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article imageHarvard robotic insects make first controlled flight

By Milton Este     May 7, 2013 in Technology
Aerial drones aren't a new concept, but in fact has been researched and developed for quite some time. While they are becoming smaller and smaller, the roboticists over at University of Harvard developed the smallest aerial drone so far.
It's name is RoboBee, which according to the School of Engineering and Applied Science was inspired by the biological workings of a bee and the insect's hive behavior. This project utilizes technology to demonstrate the potentials of ultra low power computing and electronic "smart" sensors to refine coordination algorithms to manage multiple, independent machines.
In the early morning of May 2, 2013, the Harvard robotics laboratory team assisted the flight of an insect. According to them:
[It's] half the size of a paperclip, weighing less than a tenth of a gram, it leapt a few inches, hovered for a moment on fragile, flapping wings, and then sped along a preset route through the air.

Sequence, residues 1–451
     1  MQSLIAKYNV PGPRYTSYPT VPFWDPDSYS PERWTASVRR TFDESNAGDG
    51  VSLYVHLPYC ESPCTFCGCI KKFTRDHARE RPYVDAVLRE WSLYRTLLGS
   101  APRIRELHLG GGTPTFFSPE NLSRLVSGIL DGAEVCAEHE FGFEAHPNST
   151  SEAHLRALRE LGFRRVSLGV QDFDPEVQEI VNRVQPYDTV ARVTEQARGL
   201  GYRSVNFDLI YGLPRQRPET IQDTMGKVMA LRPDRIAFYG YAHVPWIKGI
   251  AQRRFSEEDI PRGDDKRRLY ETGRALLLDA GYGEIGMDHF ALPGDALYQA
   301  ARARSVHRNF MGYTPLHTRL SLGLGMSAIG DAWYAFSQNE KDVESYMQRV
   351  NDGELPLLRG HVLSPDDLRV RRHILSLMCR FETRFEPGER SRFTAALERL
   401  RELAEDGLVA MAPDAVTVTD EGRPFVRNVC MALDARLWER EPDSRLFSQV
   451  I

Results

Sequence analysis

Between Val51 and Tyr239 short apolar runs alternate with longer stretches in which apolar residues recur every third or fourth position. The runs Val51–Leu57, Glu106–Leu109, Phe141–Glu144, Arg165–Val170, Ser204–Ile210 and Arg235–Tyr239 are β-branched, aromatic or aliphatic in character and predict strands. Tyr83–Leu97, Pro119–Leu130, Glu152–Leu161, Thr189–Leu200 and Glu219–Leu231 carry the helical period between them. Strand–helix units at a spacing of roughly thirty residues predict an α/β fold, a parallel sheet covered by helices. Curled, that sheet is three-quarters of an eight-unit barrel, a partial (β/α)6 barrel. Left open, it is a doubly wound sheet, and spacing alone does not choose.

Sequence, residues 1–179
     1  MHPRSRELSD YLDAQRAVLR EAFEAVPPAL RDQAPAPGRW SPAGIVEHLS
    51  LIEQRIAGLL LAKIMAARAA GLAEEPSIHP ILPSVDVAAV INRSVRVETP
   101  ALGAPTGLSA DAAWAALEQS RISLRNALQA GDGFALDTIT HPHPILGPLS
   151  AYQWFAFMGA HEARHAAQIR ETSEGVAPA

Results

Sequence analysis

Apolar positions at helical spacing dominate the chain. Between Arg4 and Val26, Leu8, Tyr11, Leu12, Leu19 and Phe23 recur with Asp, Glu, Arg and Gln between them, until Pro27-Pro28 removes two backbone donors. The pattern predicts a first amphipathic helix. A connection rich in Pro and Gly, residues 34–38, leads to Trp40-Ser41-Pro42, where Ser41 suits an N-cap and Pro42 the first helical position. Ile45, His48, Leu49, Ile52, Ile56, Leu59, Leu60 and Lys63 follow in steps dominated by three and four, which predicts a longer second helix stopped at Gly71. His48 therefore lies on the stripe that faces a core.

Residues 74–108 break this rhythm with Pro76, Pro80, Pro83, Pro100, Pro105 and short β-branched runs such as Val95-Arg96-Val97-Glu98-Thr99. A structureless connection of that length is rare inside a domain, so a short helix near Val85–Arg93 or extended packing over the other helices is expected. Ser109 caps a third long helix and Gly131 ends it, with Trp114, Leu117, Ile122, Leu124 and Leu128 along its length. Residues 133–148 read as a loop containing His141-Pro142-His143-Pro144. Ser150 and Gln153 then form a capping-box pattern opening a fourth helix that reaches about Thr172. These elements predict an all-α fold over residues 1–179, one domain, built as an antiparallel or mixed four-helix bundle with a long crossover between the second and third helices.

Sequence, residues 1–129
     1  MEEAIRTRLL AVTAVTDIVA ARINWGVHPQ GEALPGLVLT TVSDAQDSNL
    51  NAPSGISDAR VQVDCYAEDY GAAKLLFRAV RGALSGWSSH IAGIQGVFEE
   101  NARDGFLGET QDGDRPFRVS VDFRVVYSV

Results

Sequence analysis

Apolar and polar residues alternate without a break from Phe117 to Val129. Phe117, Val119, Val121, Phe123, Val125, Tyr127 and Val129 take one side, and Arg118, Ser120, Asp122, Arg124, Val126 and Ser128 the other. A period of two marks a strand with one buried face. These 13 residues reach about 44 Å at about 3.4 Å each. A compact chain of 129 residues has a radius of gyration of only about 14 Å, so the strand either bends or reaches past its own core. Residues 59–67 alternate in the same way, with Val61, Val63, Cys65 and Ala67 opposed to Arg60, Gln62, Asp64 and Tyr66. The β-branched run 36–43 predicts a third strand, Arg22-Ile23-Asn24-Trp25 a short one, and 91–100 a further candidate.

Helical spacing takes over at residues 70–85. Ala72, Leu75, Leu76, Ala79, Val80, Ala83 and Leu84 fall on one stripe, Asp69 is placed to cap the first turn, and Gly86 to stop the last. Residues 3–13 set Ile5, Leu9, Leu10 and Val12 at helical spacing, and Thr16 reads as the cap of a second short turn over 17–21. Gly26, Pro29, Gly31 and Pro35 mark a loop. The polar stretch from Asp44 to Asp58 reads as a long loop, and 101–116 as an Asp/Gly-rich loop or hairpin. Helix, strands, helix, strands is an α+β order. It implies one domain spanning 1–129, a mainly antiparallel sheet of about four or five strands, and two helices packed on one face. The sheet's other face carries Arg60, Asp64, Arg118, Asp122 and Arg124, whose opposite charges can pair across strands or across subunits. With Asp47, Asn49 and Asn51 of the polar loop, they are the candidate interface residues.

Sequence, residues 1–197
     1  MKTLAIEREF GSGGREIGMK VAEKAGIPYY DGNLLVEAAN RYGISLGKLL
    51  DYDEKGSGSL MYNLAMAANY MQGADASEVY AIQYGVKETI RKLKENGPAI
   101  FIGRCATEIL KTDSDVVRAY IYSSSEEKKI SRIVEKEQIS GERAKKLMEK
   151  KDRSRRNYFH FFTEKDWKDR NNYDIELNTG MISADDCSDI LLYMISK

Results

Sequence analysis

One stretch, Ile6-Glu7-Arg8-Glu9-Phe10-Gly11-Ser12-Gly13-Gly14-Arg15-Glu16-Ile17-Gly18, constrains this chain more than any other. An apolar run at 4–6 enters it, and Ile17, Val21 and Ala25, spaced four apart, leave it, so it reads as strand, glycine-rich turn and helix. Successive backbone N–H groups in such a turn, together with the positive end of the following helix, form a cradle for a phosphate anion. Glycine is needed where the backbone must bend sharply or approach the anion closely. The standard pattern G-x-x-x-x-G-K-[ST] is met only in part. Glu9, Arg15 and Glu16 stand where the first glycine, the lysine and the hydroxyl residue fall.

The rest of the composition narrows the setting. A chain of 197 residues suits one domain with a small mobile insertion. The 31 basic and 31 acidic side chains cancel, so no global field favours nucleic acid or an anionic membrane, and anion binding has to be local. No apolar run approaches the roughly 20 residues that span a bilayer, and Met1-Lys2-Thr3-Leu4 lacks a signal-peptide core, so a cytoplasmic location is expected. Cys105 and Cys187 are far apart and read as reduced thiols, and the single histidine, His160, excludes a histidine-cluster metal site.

Co-lead Author, Kevin Y. Ma, explains that larger robots can run on electromagnetic motors, but smaller ones such as this cannot and must seek alternative solutions, which there isn't one. After going through 20 prototypes in the past six months, they have finally gotten the RoboBee to work and take flight.
While DVICE predicted the original application being used for drone spying, the researchers group sees the application of such drone working towards autonomously pollinating a field of crops, search and rescue, hazardous environment exploration, military surveillance, high resolution weather and climate mapping, and even traffic monitoring.
The Harvard robotics team posted a video demonstrating the current workings of the RoboBee and hopefully will continue to work on bringing it's true potential to reality.
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